c.) Example: in Little Foxes: with the stolen bonds, Ben and Oscar believe they are free from Regina, but their plan backfires when Regina wins back her control after Horace’s death. (more on page45-46 of Lederers critique)
Hollywood Blacklist
a.) A historical event; plan and/or actions of the House Un-American Activities Committee
b.) The mid-twentieth-century list of screenwriters, actors, directors, musicians, and other U.S. entertainment professionals who were denied employment in the field because of their political beliefs or associations, real or suspected.
c.) Lillian Hellman was blacklisted in 1952, after she had appeared before the House Un-American Activities Committee and refused to reveal the names of anyone she knew who might have had Communist Associations by taking the 5th.
Sociological Problem Play
a.) Genre/structure of a play
b.) A play that focuses on the development of a group of characters, and their interactions with eachother.
c.) In Little Foxes, there lies an ever-present interaction between different social classes.
House Un-American Activities Committee
a.) Investigative Committee of the United States House of Representatives
b.) Hellman appeared before the HUAC after they were aware that he lover, Dashiell Hammet, had been a Communist Party member.
“I cannot and will not cut my conscious to fit this year’s fashions”- Lillian Hellman
Dramatic Irony
a.) Literary technique/device
b.) When the audience is aware of the meaning or implication of a situation onstage but the characters do not.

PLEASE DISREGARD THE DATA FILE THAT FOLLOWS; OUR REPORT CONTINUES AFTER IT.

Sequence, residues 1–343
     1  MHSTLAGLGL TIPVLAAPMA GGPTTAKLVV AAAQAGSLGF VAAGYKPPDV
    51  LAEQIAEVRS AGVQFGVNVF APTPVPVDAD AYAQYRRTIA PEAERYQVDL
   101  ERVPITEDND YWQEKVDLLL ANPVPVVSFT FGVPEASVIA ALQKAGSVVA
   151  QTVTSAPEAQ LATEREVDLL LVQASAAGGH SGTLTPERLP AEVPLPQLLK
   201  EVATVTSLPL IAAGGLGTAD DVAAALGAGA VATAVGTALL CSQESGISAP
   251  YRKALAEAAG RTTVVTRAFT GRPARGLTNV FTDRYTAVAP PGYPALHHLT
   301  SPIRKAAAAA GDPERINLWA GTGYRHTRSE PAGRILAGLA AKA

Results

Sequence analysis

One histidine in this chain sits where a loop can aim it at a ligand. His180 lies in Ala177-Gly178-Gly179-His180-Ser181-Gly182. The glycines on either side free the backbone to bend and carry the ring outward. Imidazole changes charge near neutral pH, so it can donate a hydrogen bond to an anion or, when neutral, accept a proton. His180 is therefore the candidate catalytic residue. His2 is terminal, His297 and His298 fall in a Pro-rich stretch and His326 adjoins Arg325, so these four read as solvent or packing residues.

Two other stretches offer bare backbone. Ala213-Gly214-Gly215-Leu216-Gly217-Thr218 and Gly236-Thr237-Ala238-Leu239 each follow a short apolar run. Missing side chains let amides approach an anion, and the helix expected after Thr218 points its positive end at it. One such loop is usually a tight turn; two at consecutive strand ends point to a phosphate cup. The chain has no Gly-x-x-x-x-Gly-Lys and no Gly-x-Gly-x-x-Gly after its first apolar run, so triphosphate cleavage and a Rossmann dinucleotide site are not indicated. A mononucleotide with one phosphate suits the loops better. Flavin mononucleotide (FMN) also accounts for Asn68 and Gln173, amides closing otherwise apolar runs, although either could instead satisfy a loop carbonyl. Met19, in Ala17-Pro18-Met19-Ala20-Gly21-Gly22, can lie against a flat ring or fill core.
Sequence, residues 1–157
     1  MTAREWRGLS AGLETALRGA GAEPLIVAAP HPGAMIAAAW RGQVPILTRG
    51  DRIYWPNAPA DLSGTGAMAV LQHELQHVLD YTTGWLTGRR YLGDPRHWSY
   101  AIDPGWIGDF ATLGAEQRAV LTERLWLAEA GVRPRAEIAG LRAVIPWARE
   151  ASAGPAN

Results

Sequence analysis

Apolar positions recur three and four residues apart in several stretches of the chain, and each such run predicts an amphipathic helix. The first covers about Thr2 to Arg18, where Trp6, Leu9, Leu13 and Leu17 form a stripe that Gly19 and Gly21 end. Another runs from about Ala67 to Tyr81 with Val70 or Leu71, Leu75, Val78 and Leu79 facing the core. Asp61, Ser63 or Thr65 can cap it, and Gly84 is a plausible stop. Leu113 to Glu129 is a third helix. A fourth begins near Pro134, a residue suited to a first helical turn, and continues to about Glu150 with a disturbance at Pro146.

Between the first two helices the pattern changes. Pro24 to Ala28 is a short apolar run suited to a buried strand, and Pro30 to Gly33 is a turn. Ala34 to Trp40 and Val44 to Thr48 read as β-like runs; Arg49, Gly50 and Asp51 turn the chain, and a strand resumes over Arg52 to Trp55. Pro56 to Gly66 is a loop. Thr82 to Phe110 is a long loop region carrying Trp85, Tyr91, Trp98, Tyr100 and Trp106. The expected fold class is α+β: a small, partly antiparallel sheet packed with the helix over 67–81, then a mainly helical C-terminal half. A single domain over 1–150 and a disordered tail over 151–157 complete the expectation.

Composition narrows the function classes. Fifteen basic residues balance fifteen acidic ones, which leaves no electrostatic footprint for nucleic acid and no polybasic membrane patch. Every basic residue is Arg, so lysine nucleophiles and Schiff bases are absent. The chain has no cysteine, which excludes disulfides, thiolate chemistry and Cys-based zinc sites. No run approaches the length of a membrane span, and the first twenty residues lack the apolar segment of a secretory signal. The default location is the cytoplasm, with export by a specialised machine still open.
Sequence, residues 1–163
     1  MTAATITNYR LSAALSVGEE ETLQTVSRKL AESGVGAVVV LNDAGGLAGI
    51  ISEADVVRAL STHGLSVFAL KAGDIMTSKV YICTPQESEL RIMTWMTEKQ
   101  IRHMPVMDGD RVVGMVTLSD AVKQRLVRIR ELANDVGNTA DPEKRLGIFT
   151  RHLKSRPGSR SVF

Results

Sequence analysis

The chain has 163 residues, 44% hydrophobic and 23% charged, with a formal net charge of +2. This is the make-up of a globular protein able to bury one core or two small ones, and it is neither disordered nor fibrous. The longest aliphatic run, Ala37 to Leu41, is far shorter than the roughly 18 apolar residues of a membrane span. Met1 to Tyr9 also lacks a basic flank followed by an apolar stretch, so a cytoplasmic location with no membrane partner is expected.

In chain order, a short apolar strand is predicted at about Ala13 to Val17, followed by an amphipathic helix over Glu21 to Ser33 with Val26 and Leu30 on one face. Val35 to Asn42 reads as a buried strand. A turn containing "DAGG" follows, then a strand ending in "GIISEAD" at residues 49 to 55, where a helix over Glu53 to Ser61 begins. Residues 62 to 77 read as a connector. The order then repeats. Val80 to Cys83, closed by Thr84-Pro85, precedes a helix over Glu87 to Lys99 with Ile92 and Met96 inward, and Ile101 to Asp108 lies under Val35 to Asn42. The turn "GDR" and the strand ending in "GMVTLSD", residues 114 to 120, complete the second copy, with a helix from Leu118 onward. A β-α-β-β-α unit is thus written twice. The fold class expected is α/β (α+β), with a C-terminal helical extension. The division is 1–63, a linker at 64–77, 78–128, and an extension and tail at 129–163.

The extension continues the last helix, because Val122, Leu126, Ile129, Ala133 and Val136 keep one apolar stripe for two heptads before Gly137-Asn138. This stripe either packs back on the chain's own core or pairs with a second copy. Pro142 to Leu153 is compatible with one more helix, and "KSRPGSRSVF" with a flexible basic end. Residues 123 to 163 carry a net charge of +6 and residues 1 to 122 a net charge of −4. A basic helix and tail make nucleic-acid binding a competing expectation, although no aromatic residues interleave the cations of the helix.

c.) Example: Lederer states that in Little Foxes, “we know before Ben and Oscar that Regina knows about the bonds; we know before Regina that Ben and Oscar don’t need Horace’s money, and we realize that Horace is charting his own doom when he repeatedly says that Regina won’t have her way as long as he is alive.”
a.) Literary Technique/device
b.) The opening portion of a narrative or drama (scene is set, protagonist is introduced, and the author discloses any background events that are to follow)
Establishes the main characters and initiates the conflict between them.
c.) Example: In the beginning of Little Foxes, Addie and Cal’s discussion allows the audience to understand what has been going on in the play thus far.
a.) Dramatic/Literary Technique
b.) Placing things side-by-side. In art this usually is done with the intention of bringing out a specific quality or creating an effect, particularly when two contrasting or opposing elements are used.
The viewer's attention is drawn to the similarities or differences between the elements.
c.) Example: In Long Day’s Journey into Night, Mary’s innocence is juxtaposed against a backsplash of a drug addiction.
a) style
b) actions and observable circumstances, faithful to real life occurances
c) Long Days Journey Into Night was about dysfunctional family with a turbulent upbringing, which can occur to anyone in real life.